But there’s nothing strategically ambiguous about China’s demonstrated ability to successfully occupy Taiwan militarily, at whatever cost, to avoid political separation or a severing of the is-land’s historical umbilical cord with the mainland.

As the world knows, independence isn’t established by political declarations of intent or wishes of political leaders and parties, or elected local governments in non-independent territories.

But in Taiwan’s case, this traditional rule of the colonial thumb does not seem to apply, as far as the nations that built empires on the backs of colonies worldwide are concerned.

In pursuit of new neo-colonial and imperial expansion, the former colonial powers – including Japan that once colonized Taiwan — are today effacing history to make it appear the island has always been a ‘self-ruled dynamic democracy’ that China simply does not want to become inde-pendent.

Again, like in Ukraine where history has been scrubbed by the Western media to influence global public opinion against Russia, the mainstream global media continues to describe Taiwan as if it’s a nation struggling to defend its independence.

But the island has never been independent — and (believe it or not) independence has never been supported outright by Taiwanese.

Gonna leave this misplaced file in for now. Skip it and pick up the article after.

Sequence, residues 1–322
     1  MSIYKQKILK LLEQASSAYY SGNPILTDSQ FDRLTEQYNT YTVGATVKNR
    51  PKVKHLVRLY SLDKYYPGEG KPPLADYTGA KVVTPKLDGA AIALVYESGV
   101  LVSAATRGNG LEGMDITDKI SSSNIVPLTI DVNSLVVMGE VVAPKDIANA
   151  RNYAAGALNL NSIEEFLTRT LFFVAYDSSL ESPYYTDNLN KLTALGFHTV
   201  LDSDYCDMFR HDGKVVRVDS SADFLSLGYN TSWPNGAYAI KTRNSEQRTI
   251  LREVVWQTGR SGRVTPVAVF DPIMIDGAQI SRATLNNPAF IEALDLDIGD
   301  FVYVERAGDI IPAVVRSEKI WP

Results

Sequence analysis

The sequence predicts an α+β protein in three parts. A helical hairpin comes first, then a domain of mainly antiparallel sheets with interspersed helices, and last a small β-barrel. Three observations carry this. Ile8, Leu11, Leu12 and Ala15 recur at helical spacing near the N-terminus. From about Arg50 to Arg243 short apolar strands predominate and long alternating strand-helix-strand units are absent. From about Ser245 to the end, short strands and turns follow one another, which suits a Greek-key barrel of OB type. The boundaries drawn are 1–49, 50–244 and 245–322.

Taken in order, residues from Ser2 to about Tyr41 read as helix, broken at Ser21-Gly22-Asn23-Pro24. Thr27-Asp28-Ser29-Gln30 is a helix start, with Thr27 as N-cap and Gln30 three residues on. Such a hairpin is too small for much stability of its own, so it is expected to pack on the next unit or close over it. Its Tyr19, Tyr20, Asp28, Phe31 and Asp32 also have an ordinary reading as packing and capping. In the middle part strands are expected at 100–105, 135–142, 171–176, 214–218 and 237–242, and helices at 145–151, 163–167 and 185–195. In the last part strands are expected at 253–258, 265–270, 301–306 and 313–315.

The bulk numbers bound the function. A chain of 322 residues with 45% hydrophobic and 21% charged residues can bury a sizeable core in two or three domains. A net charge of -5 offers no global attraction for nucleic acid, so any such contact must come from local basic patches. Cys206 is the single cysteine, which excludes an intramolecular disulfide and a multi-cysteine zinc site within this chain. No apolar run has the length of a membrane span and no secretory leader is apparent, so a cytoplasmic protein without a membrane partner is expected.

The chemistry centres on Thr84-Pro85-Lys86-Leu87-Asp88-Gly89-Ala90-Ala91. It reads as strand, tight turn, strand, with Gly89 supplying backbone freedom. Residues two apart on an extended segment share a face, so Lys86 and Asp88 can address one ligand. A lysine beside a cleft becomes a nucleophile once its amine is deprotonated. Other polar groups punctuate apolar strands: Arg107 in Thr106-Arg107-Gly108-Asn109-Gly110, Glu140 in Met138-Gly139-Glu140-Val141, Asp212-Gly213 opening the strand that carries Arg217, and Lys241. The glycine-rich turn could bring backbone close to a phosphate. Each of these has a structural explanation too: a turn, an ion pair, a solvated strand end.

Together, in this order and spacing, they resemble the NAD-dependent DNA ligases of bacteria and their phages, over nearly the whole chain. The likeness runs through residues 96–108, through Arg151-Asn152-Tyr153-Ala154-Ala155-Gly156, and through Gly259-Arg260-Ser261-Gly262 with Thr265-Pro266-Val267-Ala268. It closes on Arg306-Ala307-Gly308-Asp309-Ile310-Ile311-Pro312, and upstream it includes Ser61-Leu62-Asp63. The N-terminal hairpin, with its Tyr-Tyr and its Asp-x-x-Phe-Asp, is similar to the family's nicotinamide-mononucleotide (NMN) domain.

Before the Pelosi visit, polls showed that only just over five percent (5%) supported independ-ence, with most supporting ‘maintaining the status quo’ and less supporting ‘reunification’.

The current opposition Kuomintang Party (KMT), which originally exiled to Taiwan in 1949 with 1.5 million supporters after Chiang Kai-shek’s ruling forces lost the guerilla war by the People’s Liberation Army (PLA), today supports closest of friendly and business ties with China.

While the DPP has been loudly touting independence for the past six years, it also quickly and largely reversed eight years of ultra-close cooperation with the mainland (initiated by the KMT under President Ma Ying-jieu between 2008 and 2016) that saw both sides flourish in trade, tourism and people-to-people contacts.

The Pelosi visit exposed Taiwanese citizens to the prospects of war and last Sunday’s quadruple repeat was sure to be seen by Beijing as an ultimate provocation.

Since the Pelosi visit, the DPP’s leaders and government spokespersons have insisted that “Only the Taiwanese people will decide on their independence.”

But those making this proclamation know, for sure, this is not and will likely never be the case.

Living for 73 years in the shadow of China’s insistence on peaceful reunification instead of a mil-itary confrontation over independence, Taiwanese have grown accustomed to and feel safer with the ‘status quo’ that allows for internal self-rule without formal separation.

China is still the island’s main trading partner and has suspended economic ties in several areas that have already started taking effect, spelling more possible bad news for the DPP ahead of the crucial 2024 elections that it considers it simply cannot afford to lose.

But it’s becoming clearer, by the day, that prospects for Taiwan’s independence are, without doubt and even with threats of war, more distant now than before the Pelosi visit.